The Never-Ending Love of the Mountains

FIND : NYU Abu Dhabi / New York

FIND Contributor Rym Tina Ghazal and FIND Fellow Reem Falaknaz profile Saleh Al Shehhi, Reem's guide through the Ras Al Khaimah mountains for her project “A Place of Perpetual Undulation”
http://www.f-in-d.com/stories/the-never-ending-love-of-the-mountains / Winter 2013-2014

Elusive and formidable, mountains have forever intrigued man; people find themselves climbing mountains, often at the risk of losing their lives, just because they are simply “there.” But for some, mountains are more than just a challenge or curiosity. Mountains are in their blood, and the blood of their ancestors.

Saleh Al Shehhi is a walking, talking encyclopedia on anything and everything related to mountains both here in the UAE and across the world. Better known under the online avatar name of “Motasaleq al Jebal” (mountain climber), it is quite obvious what this 39-year-old Emirati lives for.

“My whole life is mountains. I love them and feel so alive each time I climb one.”

A member of one of UAE’s largest mountainous tribe of Al Shehhuh, known once as the “warriors of the mountains,” Saleh knows the sizes, the height, the color, the texture, and even the smell and touch of every mountain he has visited or is planning to visit. A fall from one such exploration expedition on one of the sharper edges of Ras Al Khaimah’s mountains when he was 15—leaving him with three damaged vertebra in his spine and a life long handicap—hasn’t slowed him down at all.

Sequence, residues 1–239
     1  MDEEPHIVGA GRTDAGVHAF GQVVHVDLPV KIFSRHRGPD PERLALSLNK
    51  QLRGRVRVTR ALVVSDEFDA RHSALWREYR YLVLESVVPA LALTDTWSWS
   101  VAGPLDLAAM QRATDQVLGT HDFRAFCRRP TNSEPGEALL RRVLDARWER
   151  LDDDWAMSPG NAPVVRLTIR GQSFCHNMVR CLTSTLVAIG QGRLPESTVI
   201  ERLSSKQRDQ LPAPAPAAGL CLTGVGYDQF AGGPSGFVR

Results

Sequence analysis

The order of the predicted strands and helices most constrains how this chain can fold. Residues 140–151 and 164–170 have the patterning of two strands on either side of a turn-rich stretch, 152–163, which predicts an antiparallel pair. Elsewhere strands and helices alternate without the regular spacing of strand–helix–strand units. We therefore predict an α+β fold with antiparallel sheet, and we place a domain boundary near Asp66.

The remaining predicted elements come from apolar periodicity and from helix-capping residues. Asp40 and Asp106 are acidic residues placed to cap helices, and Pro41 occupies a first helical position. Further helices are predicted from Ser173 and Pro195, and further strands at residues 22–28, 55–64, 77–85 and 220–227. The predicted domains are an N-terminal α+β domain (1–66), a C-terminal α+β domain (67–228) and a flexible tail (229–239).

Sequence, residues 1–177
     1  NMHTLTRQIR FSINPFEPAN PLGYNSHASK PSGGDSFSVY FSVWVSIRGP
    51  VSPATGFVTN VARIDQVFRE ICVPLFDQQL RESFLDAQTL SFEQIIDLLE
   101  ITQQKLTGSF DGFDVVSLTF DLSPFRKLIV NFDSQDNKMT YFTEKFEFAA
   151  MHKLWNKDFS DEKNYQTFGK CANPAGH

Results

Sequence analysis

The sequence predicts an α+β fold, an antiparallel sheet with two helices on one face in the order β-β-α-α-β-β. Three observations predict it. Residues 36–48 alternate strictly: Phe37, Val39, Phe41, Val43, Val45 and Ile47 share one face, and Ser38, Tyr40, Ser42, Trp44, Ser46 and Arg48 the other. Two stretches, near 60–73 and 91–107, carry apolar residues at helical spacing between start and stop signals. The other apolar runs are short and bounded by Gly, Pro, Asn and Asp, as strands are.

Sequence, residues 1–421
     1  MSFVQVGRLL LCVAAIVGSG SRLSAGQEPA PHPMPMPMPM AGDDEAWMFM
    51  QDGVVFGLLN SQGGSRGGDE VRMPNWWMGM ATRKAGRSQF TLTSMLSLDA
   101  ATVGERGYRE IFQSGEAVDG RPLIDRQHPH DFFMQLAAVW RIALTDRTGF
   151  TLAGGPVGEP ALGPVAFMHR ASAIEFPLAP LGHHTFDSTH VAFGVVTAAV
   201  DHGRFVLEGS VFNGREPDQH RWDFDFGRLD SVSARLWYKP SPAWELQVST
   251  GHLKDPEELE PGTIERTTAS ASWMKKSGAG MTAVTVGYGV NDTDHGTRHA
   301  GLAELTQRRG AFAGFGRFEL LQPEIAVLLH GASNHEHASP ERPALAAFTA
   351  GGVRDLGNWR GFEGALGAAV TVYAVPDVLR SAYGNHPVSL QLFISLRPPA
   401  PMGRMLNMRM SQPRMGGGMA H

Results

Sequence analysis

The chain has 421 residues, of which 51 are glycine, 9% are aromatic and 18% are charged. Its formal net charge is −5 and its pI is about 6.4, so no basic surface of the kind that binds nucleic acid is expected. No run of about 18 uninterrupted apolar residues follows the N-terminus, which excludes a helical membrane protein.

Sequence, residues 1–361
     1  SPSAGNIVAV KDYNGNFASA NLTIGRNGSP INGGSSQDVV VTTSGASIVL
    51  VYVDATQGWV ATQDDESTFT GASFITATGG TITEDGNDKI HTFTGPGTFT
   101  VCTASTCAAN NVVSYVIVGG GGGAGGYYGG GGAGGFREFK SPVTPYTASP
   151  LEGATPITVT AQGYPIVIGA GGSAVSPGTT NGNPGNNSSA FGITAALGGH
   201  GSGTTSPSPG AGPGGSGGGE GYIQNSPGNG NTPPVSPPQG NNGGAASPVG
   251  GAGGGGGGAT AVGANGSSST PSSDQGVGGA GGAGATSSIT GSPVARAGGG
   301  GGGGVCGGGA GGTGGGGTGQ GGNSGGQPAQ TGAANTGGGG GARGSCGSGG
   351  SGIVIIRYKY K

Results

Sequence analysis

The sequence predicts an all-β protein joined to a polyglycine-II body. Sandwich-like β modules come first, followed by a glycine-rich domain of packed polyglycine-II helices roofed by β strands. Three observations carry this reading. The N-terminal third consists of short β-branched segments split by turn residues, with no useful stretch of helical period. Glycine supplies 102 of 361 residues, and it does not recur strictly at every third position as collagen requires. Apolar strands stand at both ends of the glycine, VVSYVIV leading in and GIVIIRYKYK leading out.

“I can’t stay away from a mountain for longer than a few hours,” he says. “I need to drive and then walk along a mountainous terrain like I need to eat and drink.”

Like most members of the mountain tribes in the UAE, he no longer lives in a mountain village. The mountainous tribes such as Shehhuh, Habous, Al Hufayti and Al Dhuhoori have left their mountain villages, where often a small village is made up of 30 to 40 families and homes, and moved down into the valley or nearest towns. Starting in the 1980s, Emirati families were each given modern homes by the Government, leaving behind their old way of life.

Many of the mountain villages have been abandoned, but some of them have been turned into farms and storage places. Sometimes, the elders of the families like to visit their ancestral villages, and spend their weekends up there. For the young, some still like to hold traditional weddings up in the mountains and invite all the old tribes and their families.

The families used to herd goats, and sometimes even sheep, up in their villages. They relied on donkeys to transport their goods. One of the traditional items a mountain tribesman would always be seen carrying about, was “a jerz” - a small axe-head on a long handle, that he used to cut vegetation with or balance himself with as he climbed here and there. Exports from the mountainous region in the UAE in the past included items like dates, citrus, fruits (mangos and guava), tobacco, honey, and yegat (dry buttermilk).